Dislocation of shoulder

https://en.wikipedia.org/wiki/File:Chri … aphael.jpg

Another interesting thing about the hands – one hand extends longer than the other. Why would that be the case? It was because his right shoulder was dislocated when he fell while carrying the cross. If it’s a forgery, why and how could the artist depict is so well that modern medical examiners could come up with that conclusion? And as far as I can tell, there’s no artistic depiction of Jesus having a dislocated shoulder.

The Man of the Shroud “underwent an under glenoidal dislocation of the humerus on the right side and lowering of the shoulder, and has a flattened hand and enophthalmos; conditions that have not been described before, despite several studies on the subject. These injuries indicate that the Man suffered a violent blunt trauma to the neck, chest and shoulder from behind, causing neuromuscular damage and lesions of the entire brachial plexus.”

This is the conclusion four university professors arrived at in an in-depth study they carried out on the image of the crucified Man on the Turin Shroud. They observed that “the posture of the left claw-hand is indicative of an injury of the lower brachial plexus, as is the crossing of the hands on the pubis, not above the pubis as it would normally be, and are related to traction of the limbs as a result of the nailing to the patibulum.”

The first discovery the four experts made, is that the Man of the Shroud underwent a dislocation of the shoulder and paralysis of the right arm. The person whose figure is imprinted on the Shroud is believed to have collapsed under the weight of the cross, or the “patibulum” as it is referred to in the study, the horizontal part of the cross. The Man of the Shroud the academics explain, fell “forwards” and suffered a “violent” knock” “while falling to the ground.” “Neck and shoulder muscle paralysis” were “caused by a heavy object hitting the back between the neck and shoulder and causing displacement of the head from the side opposite to the shoulder depression. In this case, the nerves of the upper brachial plexus (particularly branches C5 and C6) are violently stretched resulting in an Erb-Duchenne paralysis (as occurs in dystocia) because of loss of motor innervation to the deltoid, supraspinatus, infraspinatus, biceps, supinator, brachioradialis and rhomboid muscles.” At this point it would have been impossible for the cross bearer to go on holding it and this brings to mind the passage in the Gospel which describes how the soldiers forced Simon of Cyrene to pick up Jesus’ cross. Not an act of compassion therefore, but of necessity. This explains why “the right shoulder is lower than the left by 10±5 degrees” and The right eye is retracted in the orbit” because of the paralysis of the entire arm, the academics say.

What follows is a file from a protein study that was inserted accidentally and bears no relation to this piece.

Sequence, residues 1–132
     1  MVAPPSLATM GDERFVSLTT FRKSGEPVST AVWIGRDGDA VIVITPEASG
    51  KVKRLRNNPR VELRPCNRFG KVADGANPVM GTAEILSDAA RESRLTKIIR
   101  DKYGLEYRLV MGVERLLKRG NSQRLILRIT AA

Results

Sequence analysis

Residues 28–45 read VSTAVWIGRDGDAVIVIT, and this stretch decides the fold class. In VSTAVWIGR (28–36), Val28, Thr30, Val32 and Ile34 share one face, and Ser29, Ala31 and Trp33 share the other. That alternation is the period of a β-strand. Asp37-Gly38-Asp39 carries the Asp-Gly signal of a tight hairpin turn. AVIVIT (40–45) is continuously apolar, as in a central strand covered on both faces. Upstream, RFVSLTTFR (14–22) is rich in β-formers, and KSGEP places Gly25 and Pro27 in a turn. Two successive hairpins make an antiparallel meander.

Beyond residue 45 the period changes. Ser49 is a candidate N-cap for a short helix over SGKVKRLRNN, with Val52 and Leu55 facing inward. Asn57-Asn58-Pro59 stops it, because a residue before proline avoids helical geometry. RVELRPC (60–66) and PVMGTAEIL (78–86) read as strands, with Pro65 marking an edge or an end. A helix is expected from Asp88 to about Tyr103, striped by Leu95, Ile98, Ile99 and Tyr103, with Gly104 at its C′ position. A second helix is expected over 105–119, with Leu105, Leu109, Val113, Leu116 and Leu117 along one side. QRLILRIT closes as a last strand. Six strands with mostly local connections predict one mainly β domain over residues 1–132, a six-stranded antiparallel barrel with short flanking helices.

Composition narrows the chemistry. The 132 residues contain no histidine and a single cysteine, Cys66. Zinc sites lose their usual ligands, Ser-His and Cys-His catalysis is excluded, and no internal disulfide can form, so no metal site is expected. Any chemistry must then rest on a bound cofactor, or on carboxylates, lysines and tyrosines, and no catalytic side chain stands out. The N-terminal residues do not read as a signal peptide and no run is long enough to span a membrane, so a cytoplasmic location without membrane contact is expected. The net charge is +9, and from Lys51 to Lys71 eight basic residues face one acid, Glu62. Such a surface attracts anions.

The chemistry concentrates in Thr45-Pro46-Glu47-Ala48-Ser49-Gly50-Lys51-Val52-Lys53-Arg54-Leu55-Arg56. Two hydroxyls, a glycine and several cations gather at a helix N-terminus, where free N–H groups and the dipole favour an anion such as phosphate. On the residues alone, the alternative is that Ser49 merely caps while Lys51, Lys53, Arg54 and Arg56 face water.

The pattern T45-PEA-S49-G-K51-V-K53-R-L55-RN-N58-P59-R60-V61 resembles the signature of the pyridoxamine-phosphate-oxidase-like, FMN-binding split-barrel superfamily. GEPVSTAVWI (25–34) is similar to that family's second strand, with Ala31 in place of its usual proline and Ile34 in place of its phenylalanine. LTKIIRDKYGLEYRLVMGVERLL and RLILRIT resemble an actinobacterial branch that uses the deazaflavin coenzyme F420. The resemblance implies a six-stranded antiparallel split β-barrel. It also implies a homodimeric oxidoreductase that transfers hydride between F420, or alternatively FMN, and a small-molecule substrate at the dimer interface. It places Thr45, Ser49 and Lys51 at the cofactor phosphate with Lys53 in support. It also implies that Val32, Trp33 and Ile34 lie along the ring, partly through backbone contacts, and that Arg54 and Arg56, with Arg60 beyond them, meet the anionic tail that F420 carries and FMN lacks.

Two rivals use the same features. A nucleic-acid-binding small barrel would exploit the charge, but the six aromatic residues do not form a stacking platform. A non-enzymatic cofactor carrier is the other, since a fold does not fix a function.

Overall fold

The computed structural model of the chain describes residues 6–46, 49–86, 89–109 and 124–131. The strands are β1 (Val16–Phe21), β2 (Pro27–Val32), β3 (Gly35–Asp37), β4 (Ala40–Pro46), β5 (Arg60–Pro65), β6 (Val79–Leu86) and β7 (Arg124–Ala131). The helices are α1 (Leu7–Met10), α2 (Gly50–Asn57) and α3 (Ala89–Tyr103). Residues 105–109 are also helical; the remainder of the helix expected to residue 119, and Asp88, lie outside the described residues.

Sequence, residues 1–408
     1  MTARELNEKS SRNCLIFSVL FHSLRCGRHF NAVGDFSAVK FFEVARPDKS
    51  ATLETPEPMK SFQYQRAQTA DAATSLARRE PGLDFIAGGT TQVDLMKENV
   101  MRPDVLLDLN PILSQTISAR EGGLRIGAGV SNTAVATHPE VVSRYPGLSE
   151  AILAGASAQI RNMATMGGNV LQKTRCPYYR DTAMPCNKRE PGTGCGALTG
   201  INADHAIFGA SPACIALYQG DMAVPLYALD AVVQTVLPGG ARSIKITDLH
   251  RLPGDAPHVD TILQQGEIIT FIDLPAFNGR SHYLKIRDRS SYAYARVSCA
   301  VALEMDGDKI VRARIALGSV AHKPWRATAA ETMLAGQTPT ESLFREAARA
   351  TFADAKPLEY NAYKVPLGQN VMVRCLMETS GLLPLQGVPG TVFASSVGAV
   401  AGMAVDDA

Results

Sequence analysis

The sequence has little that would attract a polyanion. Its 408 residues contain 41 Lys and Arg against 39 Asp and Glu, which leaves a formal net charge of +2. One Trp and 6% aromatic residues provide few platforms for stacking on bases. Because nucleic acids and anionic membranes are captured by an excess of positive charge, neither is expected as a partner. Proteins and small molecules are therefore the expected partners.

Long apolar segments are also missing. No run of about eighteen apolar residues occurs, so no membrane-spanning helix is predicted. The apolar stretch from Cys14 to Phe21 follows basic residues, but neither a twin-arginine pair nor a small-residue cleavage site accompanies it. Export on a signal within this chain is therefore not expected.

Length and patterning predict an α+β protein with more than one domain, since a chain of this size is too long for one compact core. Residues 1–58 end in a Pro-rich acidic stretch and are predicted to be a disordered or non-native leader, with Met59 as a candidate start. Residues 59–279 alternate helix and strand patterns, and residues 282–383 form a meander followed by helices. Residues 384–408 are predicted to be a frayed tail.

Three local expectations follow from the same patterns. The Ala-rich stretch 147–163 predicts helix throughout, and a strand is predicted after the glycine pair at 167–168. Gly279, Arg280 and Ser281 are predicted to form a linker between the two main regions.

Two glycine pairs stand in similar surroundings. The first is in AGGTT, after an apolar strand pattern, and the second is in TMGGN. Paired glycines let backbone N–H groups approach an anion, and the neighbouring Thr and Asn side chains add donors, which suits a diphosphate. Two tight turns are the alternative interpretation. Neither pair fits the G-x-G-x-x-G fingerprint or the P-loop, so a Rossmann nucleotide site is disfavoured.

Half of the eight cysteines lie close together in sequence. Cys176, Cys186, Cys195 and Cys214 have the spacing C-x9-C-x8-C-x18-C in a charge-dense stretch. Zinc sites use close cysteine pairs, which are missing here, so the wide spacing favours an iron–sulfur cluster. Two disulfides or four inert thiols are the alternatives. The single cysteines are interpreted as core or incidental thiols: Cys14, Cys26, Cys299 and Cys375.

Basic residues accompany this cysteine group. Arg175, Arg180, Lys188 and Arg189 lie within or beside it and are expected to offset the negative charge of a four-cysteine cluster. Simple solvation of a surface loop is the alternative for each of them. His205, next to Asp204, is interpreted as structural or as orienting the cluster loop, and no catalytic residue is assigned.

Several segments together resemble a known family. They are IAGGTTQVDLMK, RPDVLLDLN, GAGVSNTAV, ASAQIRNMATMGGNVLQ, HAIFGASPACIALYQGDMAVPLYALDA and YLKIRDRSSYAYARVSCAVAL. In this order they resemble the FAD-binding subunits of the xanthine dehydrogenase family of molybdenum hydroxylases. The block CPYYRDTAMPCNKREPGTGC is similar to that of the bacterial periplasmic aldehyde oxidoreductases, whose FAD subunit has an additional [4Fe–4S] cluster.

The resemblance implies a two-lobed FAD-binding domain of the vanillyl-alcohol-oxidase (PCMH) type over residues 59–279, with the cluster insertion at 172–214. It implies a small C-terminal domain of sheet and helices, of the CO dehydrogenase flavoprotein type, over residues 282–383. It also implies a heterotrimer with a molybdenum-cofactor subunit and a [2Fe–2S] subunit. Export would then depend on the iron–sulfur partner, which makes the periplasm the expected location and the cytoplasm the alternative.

The second discovery described in the Injury article is to do with the double nailing of the Man’s hands: Until now, experts could not explain the absence of thumbprints. The four academics can now reveal that “the lack of thumbprints of both hands on the TS is related not only to a lesion of the median nerve that causes only a slight flexion of the thumb, but also, particularly, to the fact that the nail driven into the wrist has pulled or injured the flexor pollicis longus tendon causing its dragging in the hole and the complete retraction of the thumb.”

https://www.lastampa.it/vatican-insider … .35751980/

Original paper: https://www.injuryjournal.com/article/S … 1/fulltext

The Bible mentions Simon of Cyrene carrying the cross.

Luke 23:26 (KJV)
And as they led him away, they laid hold upon one Simon, a Cyrenian, coming out of the country, and on him they laid the cross, that he might bear [it] after Jesus.
https://simple.uniquebibleapp.com/bible … /23#v23_26

But the Bible doesn’t explain why he carried it. With the shroud, we see why someone else had to carry the cross. Jesus fell and dislocated his shoulder and was then physically unable to carry the cross any further. So, here’s just one example of where the shroud gives additional insight to the Biblical account.